Quebec History Marianopolis College

Date Published:
September 2004

L’Encyclopédie de l’histoire du Québec / The Quebec History Encyclopedia


Dishes Used by Canadian Natives



[This text was originally published in 1907 by the Bureau of American Ethnology as part of its Handbook of American Indians North of Mexico . It was later reproduced, in 1913, by the Geographic Board of Canada. The work done by the American Bureau was monumental, well informed and incorporated the most advanced scholarship available at the time. In many respects, the information is still useful today, although prudence should be exercised and the reader should consult some of the contemporary texts on the history and the anthropology of the North American Indians suggested in the bibliographic introduction to this section. The articles were not completely devoid of the paternalism and the prejudices prevalent at the time. While some of the terminology used would not pass the test of our "politically correct" era, most terms have been left unchanged by the editor. If a change in the original text has been effected it will be found between brackets [.] The original work contained long bibliographies that have not been reproduced for this web edition. For the full citation, see the end of the text.]



Vessels for the preparation and serving of food and other purposes were manufactured by all Indian tribes. While their use as receptacles prescribes a concavity of circular, oval, or oblong outline, there is a great variety of shape, decoration, etc., according to individual taste or tribal custom, and a wide range of material, as stone, shell, bone, ivory, horn, rawhide, bark, wood, gourd, pottery, and basketry.


The vessels for serving food were not used to hold individual portions, for the Indians ate in common; but the little dishes held salt and other condiments, small quantities of delicate foods, etc. The larger dishes contained preparations of corn and other soft vegetables, and the trays and platters were for game, bread, etc., or for mixing or preparing food. In many cases the cooking pot held the common meal, and portions were taken out by means of small dishes and ladles, in which they were cooled and eaten. Some dishes bad special uses, as platters, mats, and trays for drying fruits, roasting seeds, etc., and as ceremonial bowls, baskets, etc.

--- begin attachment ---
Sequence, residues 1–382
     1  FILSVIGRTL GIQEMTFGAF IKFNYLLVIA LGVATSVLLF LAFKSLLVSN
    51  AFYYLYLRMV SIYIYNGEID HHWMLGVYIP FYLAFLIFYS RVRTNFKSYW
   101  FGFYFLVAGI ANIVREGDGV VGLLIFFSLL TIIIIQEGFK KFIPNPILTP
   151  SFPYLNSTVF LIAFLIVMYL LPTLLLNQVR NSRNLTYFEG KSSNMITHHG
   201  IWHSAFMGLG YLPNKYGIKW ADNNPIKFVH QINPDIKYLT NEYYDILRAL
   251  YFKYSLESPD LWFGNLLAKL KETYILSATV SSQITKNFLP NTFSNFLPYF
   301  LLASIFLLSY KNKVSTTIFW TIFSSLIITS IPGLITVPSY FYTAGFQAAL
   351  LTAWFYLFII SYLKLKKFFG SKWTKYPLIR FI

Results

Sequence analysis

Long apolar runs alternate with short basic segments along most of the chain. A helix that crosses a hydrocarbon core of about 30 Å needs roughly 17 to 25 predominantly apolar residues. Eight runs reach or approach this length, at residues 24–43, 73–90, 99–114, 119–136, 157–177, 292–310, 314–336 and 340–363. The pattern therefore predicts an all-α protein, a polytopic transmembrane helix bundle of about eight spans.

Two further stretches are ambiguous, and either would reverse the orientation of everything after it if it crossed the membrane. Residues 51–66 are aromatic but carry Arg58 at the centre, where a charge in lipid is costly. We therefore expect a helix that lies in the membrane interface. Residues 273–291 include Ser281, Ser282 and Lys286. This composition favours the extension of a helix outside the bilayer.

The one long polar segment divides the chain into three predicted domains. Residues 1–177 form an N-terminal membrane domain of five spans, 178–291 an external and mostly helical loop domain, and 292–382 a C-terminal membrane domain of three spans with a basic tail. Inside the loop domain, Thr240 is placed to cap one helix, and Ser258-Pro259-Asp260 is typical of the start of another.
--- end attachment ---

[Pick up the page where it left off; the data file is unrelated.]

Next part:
From archaeological sites have been collected many examples of dishes. Some made of soapstone were found in several Eastern and Southern states, and in Wyoming and California . Vessels formed of seashells, cut principally from Busycon, and also from Cassis, Strombus, and Fasciolaria, were found in Ohio, Indiana, Illinois, Iowa, Arkansas, Georgia and Florida. Dishes of pottery come from many parts of the United States and some made of wood from Florida .


The Indians in general used dishes of wood, and even where pottery, basketry and bark were common, wooden vessels were made. Each region supplied suitable woods. A predilection for burl wood and knots was general. The majority of existing wooden vessels were fashioned with iron tools, but before metal was introduced they were excavated by means of fire and stone tools. [Inuit] wooden dishes were sometimes cut from a single piece, but they usually had a rim of bent wood fastened to the excavated bottom and were oval in shape. Those of the N. W. Coast tribes were boxes of rectangular shape, with scarfed and bent sides attached to the bottom; but the Indians also had excavated dishes carved to represent animal forms in great variety, and small. bowls of horn occur. The Salishan tribes made dishes of wood and horn which were elaborately carved. The northern Athapascans as a rule used dishes, platters, and trays of birch bark folded and sewed, but among some tribes the dishes were like those of the [Inuit].


The Chippewa had well-finished wooden dishes of rectangular, oval, or circular shape. The Iroquois made excellent dishes, cups, bowls, etc., of burl wood, and sometimes furnished them with handles. The Plains Indians also used in preference burl or knot wood, and while as a rule their dishes were simple in outline and homely, some specimens were well carved and finished.


Source: James WHITE, ed., Handbook of Indians of Canada, Published as an Appendix to the Tenth Report of the Geographic Board of Canada, Ottawa, 1913, 632p., pp. 128-129.





© 2004 Claude Bélanger, Marianopolis College